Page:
CLIMATEWIRE | Dragging giant nets along the seafloor to catch fish — a practice known as bottom trawling — has long been criticized by environmentalists as destructive to underwater ecosystems.
Now, research suggests it’s bad for the climate as well.
A study published Thursday in the journal Frontiers in Marine Science finds that bottom trawling may release as much as 370 million metric tons of carbon dioxide into the atmosphere each year. That’s equivalent to about half the emissions produced annually by the entire international shipping industry, according to estimates from the International Energy Agency.
That carbon comes from long-buried organic matter trapped in the ocean floor. In the absence of human disturbances, these sediments can stay locked in place for thousands of years. But trawling stirs them up, releasing the stored carbon back into the water column.
Some of this material falls back to the seafloor and gets tamped back down again. But some of it eventually makes its way to the surface in the form of carbon dioxide — a potent greenhouse gas — and diffuses into the air.
About 55 to 60 percent of the CO2 released into the water column by trawling ultimately escapes into the atmosphere, the study finds. And it typically does so within seven to nine years, meaning the effects of trawling happen in short order.
The study’s authors say the research highlights an often overlooked source of climate-warming emissions. And they suggest that regulators have the power to quickly address it.
If policymakers “were to create a different management strategy about where and how [fishermen] trawl, then the climate impact of that policy would be almost immediate,” said lead study author Trisha Atwood, an aquatic ecologist at Utah State University.
But the findings may be controversial. Some scientists believe the paper has overestimated the emissions associated with trawling.
“I’m very skeptical about their estimates,” said Jan Geert Hiddink, an ocean scientist at Bangor University in the United Kingdom who was not involved with the new study, in an email to E&E News.
The paper may have overestimated the total amount of CO2 mobilized in the water column by trawling, he suggested, meaning the amount of CO2 going into the atmosphere would be “overestimated by several orders of magnitude.”
The debate has been unfolding over the last few years.
The new paper builds on an earlier study, published in 2021, that examined the benefits associated with marine-protected areas. The paper was led by Enric Sala, a former academic who later launched the National Geographic Society’s Pristine Seas program, which works to protect the world’s oceans. Sala and many of the original paper’s authors, including Atwood, also worked on the new study, which was funded in part by Pristine Seas.
Restrictions on fishing and other human activities, the 2021 study suggested, can protect biodiversity, boost fisheries and safeguard marine carbon sinks. The 2021 paper also estimated that trawling can release more than a billion metric tons of CO2 into the water column each year.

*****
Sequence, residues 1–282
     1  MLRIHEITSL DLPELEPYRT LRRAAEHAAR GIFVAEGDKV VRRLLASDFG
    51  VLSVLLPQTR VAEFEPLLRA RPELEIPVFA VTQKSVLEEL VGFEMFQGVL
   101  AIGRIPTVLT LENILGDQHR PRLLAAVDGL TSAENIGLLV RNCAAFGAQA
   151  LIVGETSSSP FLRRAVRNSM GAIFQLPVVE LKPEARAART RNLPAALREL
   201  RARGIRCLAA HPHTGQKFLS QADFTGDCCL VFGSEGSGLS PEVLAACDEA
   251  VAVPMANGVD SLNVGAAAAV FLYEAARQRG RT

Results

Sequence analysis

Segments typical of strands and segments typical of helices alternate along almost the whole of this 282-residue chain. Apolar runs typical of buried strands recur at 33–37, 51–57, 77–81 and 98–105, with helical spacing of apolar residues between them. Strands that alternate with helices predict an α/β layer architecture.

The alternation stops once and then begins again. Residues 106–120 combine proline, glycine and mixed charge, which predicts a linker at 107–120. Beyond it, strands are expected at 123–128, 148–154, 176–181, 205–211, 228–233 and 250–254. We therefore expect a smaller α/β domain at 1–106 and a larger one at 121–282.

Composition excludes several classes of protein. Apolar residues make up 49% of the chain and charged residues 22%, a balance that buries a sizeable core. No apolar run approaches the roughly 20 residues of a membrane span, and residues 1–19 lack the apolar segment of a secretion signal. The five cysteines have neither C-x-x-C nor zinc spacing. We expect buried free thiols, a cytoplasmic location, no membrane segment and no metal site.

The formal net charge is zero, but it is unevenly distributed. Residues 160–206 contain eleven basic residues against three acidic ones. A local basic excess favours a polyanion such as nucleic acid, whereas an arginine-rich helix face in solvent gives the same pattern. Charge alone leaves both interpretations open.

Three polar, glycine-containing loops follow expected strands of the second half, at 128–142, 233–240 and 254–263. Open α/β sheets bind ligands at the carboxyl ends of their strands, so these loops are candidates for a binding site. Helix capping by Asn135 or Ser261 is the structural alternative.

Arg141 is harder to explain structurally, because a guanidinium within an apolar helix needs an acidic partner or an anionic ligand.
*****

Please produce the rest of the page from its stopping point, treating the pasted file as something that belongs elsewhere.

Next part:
That was just a preliminary estimate, and it didn’t investigate how much of that CO2 actually escapes into the atmosphere. Still, the paper inspired a spate of headlines comparing the climate impact of trawling with other carbon-intensive industries, such as aviation.
Under the spotlight, it also garnered critiques from Hiddink and other researchers who suggested its estimates were overblown.
In 2023, Hiddink and other scientists published a paper arguing that the 2021 study exaggerated the amount of CO2 released into the water by trawling. When sediments are disturbed on the ocean floor, microbes and other marine organisms feed on them and convert them into CO2. But the 2021 study overestimated just how much of that long-trapped carbon actually turns into CO2, said Hiddink and his colleagues.
In turn, Atwood and her co-authors published a response arguing that Hiddink’s critique relied on incorrect assumptions about the ocean sediments disturbed by trawling and the rate at which they convert to CO2.
“Our response rebutted their assumptions, which we believe are incorrect and lack quantitative support,” the authors said in a recent statement.
The new paper takes the 2021 results a step further, Atwood said. It estimates the proportion of CO2 that escapes from the ocean into the atmosphere in addition to the total amount produced.
The study found that this proportion doesn’t change relative to the total amount of CO2 in the water. No matter how much CO2 is floating around, 55 to 60 percent of it always escapes into the air. That means if future studies continue to narrow down the absolute amount of CO2 released by trawling, they can still rely on that proportion to be accurate, Atwood said.
It’s the first study of its kind to provide such an estimate, Atwood added.
“Really, it’s just helping to arm policymakers with enough information that they can make good decisions,” she said.
Reprinted from E&E News with permission from POLITICO, LLC. Copyright 2023. E&E News provides essential news for energy and environment professionals.